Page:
On October 27, 2020 we organized our annual Innoboot seminar. Goal of this yearly seminar is to connect research and education done at Radboud University, Radboudumc and HAN with innovative companies with a programme mixed for science as well as business. The theme for this year was Precision health care.
The explosion of digital data and intelligent algorithms leads to a new approach to healthcare in many disciplines. It helps us better identify the relation between DNA and diseases, it helps us identify what medication might help one person but harms another. It helps us find better medications in a shorter time through better predictions of succes rates. However, it also leads to new risks: algorithms that get feedback based on their own prediction, strengthening biases. Deep learning is based on correlations: so how do we keep understanding why a conclusion is valid, and how important is the ‘why’ if you have enough data.
Jos Oomens from Radboud University FELIX Lab talked about the use of the Felix electron laser. Much of Artificial intelligence starts with data. The Felix laser makes it possible to measure the exact structures of molecules and thereby enhancing information in diagnostics and therapeutics. We then proceeded with three parallel tracks of workshops:
- One around precision oncology where Sophie Dusoswa from Roche talked about how data on DNA and advanced analytics helps us better target medications based on individual patient profiles.
- One workshop by Sharon Kolk and Tjitske Kleefstra from Donders Institute who talked about the use of big DNA data in relation to rare genetic syndromes and the potential here for personalised healthcare.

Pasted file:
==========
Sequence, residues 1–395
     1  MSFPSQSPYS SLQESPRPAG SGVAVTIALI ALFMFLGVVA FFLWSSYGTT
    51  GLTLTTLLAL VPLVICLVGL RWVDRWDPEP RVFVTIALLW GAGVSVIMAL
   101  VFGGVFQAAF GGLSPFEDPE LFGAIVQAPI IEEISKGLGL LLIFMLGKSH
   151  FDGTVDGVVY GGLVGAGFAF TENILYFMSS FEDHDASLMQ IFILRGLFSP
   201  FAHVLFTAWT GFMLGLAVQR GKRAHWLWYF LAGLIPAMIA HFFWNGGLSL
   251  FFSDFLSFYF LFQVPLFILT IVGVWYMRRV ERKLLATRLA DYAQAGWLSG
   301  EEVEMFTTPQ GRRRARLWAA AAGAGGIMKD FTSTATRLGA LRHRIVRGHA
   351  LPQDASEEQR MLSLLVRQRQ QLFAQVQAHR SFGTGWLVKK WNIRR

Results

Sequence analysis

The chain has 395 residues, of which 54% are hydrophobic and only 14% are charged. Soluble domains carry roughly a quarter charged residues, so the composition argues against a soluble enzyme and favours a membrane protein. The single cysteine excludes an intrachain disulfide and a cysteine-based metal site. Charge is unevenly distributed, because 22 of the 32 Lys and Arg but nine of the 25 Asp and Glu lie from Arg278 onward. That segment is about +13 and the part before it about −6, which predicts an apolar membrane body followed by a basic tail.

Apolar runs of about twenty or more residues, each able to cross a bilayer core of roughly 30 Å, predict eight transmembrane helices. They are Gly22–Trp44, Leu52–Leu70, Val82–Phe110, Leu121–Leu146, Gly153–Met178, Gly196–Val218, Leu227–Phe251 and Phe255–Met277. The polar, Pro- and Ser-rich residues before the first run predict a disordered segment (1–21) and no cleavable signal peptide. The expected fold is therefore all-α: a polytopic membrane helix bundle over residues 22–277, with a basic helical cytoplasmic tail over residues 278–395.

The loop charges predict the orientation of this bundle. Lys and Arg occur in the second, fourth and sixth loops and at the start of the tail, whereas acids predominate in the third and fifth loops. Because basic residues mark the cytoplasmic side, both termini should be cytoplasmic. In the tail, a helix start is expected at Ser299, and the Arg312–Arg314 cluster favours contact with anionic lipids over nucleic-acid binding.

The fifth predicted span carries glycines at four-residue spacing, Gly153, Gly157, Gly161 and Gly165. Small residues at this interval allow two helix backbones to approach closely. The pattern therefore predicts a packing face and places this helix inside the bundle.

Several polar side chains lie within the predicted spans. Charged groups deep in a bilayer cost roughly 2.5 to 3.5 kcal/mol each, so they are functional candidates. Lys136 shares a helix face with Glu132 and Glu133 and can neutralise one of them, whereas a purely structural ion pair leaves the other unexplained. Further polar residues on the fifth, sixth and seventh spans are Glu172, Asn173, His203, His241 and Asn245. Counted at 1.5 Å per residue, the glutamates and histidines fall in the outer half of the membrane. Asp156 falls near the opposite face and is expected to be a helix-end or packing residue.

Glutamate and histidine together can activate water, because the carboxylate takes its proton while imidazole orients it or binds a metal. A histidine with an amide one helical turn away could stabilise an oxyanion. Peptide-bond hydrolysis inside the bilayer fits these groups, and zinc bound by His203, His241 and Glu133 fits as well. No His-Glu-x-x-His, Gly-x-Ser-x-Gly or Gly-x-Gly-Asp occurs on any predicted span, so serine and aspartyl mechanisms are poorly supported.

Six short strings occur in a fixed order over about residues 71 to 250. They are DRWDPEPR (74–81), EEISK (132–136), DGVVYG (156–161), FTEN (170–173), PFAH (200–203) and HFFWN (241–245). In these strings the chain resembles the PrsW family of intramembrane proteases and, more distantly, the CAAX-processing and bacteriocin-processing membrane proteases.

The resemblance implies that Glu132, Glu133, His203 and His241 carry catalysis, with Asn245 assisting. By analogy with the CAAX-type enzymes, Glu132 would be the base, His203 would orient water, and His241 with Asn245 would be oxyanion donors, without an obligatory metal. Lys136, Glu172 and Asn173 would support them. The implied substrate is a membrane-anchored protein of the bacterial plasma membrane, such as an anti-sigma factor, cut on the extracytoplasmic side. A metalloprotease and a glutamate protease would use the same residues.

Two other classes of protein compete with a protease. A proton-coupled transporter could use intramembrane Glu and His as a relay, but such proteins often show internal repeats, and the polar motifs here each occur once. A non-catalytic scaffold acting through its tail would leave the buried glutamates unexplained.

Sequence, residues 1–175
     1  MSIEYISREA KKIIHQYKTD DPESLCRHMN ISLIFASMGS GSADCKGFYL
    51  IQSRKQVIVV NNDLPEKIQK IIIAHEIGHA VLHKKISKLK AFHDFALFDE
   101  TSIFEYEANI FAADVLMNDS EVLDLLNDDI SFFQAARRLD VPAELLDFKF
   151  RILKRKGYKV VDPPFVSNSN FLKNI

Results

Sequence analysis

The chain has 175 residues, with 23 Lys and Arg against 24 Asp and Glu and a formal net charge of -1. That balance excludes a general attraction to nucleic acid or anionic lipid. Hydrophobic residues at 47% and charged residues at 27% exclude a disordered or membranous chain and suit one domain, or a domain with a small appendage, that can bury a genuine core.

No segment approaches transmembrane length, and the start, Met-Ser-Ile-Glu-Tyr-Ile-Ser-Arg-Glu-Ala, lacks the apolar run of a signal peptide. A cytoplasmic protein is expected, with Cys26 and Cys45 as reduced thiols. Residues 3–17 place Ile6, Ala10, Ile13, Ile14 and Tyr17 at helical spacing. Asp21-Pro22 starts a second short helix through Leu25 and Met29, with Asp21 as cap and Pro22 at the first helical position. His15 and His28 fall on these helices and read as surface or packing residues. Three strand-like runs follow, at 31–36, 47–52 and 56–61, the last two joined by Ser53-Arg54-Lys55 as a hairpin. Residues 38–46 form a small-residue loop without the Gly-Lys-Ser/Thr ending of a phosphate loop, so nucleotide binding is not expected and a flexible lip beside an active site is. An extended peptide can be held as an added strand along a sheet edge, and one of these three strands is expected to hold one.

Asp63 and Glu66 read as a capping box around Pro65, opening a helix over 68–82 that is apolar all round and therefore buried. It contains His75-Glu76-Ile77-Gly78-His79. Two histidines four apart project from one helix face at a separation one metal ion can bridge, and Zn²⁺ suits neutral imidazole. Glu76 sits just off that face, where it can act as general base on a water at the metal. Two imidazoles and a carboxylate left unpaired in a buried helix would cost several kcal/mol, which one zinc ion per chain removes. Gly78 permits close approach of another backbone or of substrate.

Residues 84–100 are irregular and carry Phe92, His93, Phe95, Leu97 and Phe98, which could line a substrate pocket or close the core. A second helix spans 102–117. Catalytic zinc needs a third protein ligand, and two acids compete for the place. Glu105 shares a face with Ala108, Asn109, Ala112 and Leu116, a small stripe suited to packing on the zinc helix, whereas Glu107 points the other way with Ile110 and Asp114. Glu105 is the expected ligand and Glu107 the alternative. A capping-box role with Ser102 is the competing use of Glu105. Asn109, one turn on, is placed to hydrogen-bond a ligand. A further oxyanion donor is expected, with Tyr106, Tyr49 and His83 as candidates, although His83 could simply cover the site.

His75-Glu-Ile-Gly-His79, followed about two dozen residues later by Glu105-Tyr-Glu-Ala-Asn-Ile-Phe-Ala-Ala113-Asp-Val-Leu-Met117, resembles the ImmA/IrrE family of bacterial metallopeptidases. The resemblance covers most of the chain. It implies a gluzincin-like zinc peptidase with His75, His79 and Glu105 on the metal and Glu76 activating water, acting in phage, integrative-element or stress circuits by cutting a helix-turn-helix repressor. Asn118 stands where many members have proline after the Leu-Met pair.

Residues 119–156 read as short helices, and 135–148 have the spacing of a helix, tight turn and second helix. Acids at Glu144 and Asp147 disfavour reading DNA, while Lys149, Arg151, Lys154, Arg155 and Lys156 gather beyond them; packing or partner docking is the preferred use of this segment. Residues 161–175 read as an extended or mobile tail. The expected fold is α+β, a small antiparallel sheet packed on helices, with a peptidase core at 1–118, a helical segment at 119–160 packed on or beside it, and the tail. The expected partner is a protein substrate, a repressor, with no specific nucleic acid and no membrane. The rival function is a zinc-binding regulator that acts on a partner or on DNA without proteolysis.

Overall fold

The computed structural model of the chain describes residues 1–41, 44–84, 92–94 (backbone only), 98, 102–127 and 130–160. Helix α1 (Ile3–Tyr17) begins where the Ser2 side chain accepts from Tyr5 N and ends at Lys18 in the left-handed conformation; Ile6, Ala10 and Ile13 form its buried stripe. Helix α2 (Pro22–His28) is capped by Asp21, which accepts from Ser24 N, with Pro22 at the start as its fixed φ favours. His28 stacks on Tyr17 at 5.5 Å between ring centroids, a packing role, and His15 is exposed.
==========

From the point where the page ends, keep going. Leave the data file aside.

- And one workshop by Wilma Göttgens from Radboudumc who dealt with ethical questions that arise based on the use of these new algorithms and big data. Shouldn’t this be a default design element in personalised healthcare from the start of the research on?
After the workshops we saw two pitches of startup companies in the forefront of using big data and smart algorithms to make healthcare more precise: Predica and Orikami. And the last part of the program was the final keynote by Paul Iske. As chairman of the Personalised Healthcare Alliance he made a call to action to work together from different disciplines to make personalised healthcare a reality benefitting for us all.
A seminar like this is a challenge in times of corona but we look back on an interesting afternoon! We would especially like to thank all the speakers and we hope to meet in real life as soon as possible!
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